Whether with a touch of fascination or an edge of skepticism, people often ask how I managed to visit Tokyo and do nearly everything I wanted without returning from my vacation with an empty bank account. I understand their sentiments. Tokyo is commonly crowned as one of the most expensive cities in the world. However, I believe this is only a cause of concern if you live in Tokyo. As a visitor, I found Tokyo to be rather inexpensive, especially since the yen is experiencing a decline. For Americans, now is the best time to travel to Japan (as I type this post, $1 equals 119 yen). Nevertheless, no matter where you're from or what the exchange rate is, if you plan your trip to Tokyo carefully and implement simple money-saving techniques you will be surprised how cheaply you can enjoy one of the most popular cities in the world.
Honestly, if you want to travel anywhere, you have to set your priorities straight. I worked three part-time jobs and didn't over spend on luxuries for three months before I traveled. Oftentimes, when people think they "cannot" travel because it's "expensive", they fail to see how much money they're spending on unimportant things. For example, nixing fast food from your daily life saves tons. But I digress.
I feel it's important to note that I present these tips as a low maintenance traveler not a comfort-seeking tourist. In other words, I focus on the sites and immerse myself in my surroundings when I travel; I prioritize these things over comfort.
1. Rent a cheap apartment/hostel over a hotel
|Decorations outside the main entrance|
of Kurumi Weekly Mansion.
Many people see their accommodations as one of the best aspects of going on vacation. A large comfy bed, flashy lights in the bathroom, room service. However, these perks are irrelevant to a budget traveler. In fact, in regards to size and perks, your accommodations should be as basic as possible as you should mainly be showering and sleeping there. There's too much to see in Tokyo to stay inside all day!
Now, that doesn't mean you have to subject yourself to a capsule hotel even if you are claustrophobic. A good option would be to log onto AirBnB, TripAdvisor, or a similar site to find cheap yet well-rated living quarters for your stay.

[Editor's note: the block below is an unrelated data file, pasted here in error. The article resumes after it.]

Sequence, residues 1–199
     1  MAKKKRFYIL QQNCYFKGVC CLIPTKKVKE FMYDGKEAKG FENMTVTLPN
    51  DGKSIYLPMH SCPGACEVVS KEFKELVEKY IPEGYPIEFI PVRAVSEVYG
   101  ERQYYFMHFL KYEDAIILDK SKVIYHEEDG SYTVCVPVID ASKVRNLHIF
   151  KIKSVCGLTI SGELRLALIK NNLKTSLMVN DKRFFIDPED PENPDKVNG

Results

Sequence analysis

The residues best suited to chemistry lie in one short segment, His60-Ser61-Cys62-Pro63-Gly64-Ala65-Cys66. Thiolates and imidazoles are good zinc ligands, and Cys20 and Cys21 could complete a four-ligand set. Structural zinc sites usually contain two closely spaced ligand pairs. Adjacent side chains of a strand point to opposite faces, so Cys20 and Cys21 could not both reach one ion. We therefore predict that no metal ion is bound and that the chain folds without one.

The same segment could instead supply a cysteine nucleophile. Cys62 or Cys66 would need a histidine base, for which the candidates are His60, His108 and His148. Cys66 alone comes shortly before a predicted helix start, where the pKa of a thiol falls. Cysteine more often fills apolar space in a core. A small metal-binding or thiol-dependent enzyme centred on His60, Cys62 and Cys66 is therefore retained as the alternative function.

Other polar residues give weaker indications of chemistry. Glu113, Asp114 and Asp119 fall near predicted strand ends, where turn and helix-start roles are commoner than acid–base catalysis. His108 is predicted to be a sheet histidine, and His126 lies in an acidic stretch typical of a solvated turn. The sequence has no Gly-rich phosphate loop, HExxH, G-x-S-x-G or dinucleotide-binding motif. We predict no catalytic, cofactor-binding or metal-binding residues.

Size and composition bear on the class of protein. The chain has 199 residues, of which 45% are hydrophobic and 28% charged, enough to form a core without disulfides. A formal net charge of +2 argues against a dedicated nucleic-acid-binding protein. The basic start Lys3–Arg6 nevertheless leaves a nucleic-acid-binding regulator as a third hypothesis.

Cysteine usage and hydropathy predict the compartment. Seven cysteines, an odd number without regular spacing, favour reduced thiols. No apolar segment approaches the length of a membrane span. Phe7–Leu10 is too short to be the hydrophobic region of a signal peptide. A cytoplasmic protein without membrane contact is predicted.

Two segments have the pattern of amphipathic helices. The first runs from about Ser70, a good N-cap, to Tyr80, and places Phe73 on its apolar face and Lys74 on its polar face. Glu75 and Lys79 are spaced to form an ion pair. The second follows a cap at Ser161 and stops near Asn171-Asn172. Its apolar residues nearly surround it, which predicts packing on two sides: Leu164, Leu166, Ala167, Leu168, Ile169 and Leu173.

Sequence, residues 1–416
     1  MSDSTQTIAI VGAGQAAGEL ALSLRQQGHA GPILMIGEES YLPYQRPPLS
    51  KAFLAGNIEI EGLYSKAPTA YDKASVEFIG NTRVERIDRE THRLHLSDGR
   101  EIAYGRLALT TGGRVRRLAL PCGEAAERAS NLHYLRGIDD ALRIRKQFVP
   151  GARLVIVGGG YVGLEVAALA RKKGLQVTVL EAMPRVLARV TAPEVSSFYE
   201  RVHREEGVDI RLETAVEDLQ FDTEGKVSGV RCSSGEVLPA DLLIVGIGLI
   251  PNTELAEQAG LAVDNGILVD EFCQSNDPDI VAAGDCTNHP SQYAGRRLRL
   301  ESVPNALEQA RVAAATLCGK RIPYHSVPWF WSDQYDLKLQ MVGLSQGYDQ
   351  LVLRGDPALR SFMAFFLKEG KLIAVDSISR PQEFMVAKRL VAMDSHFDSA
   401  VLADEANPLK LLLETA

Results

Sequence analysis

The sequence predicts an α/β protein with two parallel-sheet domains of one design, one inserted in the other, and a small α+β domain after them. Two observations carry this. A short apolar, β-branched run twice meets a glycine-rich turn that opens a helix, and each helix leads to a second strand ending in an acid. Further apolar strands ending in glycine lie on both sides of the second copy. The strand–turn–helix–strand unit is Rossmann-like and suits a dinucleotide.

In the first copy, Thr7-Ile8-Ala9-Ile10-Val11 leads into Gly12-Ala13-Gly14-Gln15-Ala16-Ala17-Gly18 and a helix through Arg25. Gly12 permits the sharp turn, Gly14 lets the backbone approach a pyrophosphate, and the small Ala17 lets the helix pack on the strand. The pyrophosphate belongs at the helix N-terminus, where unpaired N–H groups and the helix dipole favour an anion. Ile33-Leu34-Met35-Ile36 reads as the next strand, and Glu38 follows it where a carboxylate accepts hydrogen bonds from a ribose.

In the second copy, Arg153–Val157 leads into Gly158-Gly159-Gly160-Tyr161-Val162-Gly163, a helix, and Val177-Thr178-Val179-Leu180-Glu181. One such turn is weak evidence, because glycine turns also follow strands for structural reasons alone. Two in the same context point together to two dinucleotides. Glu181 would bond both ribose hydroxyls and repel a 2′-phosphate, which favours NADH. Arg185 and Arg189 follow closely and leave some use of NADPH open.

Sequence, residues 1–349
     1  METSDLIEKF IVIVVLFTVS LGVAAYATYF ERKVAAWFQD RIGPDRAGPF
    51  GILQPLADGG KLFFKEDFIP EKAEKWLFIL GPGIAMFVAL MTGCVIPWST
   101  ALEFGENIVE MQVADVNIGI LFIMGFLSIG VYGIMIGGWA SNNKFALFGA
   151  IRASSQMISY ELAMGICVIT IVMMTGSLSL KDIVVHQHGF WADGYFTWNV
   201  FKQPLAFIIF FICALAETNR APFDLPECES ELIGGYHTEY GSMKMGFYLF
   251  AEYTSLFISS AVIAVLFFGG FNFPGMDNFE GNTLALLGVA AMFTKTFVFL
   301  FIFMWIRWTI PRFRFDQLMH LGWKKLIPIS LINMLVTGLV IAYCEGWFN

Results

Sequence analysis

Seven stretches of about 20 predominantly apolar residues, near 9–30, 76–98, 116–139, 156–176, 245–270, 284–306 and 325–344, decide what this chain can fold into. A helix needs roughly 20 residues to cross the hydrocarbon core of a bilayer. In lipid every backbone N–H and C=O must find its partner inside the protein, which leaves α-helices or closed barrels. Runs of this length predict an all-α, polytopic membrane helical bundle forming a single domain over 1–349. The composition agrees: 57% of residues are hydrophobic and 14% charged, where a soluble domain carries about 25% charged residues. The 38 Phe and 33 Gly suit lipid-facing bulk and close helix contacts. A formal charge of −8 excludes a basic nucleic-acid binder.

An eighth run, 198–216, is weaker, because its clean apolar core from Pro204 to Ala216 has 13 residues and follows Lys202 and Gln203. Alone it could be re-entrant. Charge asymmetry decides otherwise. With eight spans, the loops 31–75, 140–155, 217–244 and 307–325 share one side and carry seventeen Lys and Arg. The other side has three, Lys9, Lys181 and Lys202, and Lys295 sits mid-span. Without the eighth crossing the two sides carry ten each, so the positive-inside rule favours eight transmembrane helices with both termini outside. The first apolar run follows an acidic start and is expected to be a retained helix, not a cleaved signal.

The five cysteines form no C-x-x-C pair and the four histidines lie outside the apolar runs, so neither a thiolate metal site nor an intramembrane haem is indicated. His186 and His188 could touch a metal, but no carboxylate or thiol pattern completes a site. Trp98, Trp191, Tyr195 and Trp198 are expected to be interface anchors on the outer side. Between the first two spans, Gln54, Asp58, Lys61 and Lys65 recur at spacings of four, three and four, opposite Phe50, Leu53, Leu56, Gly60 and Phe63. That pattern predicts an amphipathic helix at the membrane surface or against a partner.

I recommend Kurumi Weekly Mansion. The rooms can be small, the walls are thin, and the building is on the older side, but for a small space for yourself at a price that rivals most hostels it is a great deal. Kurumi also has wifi and a free laundry room with complimentary detergent! Plus, the owner is extremely kind, knowledgeable about the area (he provides you with a map with all points of interest in the neighborhood labeled), and fluent in English so you can ask him anything.
2. Don't stay in Shibuya, Ginza, or any other "happening" area of town
|A quiet neighborhood park in Koto City where I stayed.|
It's natural to have the urge to stay in the center of Tokyo, especially in the more bustling areas of the city where the excitement is only a five minute walk away. However, fun and entertainment is usually situated on prime real estate which means accommodations in those areas are likely to be expensive—not good for a budget traveler.
If you are looking for cheaper accommodations, I suggest you explore what your options are in the edges of town or even suburbs. You will have a longer train ride to get to certain attractions, but unless you're staying outside of Tokyo City proper, you shouldn't expect to travel more than 40 minutes one way. I don't suggest you zip across town several times a day as that will be a waste of money; I will expand on this point in a future post.
I highly recommend Kōtō City as there are several Tokyo Metro subway stations in the area, and it is not far from the Tokyo City Air Terminal where the Tokyo Shuttle Bus arrives (see #3). In addition, Kōtō is five minutes by train (about 30 minutes on foot) to Akihabara and just under 10 minutes by subway from Tokyo Sky Tree and Asakusa, so for at least two days you will not have to travel far if you're situated in Kōtō. Tsukiji Fish Market and Tokyo Station are around five minutes (about a 30 minute walk) by train from Kōtō as well. I walked from Kōtō to Tokyo Station and back twice and it was pretty fun!
Generally, choosing an accommodation away from the city center will save you money, but not isolate you from what you'd like to see.
While Tokyo has two airports (Haneda and Narita), this tip focuses on Narita airport where I arrived.
Tokyo Narita Airport is about an hour away from Tokyo by road when traffic is moderate to low, and up to 90 minutes away at worst. You can get to the city by train, bus, or taxi, though I would avoid the last option like the plague because taxis are extremely expensive in Tokyo, and you're trying to save money, remember?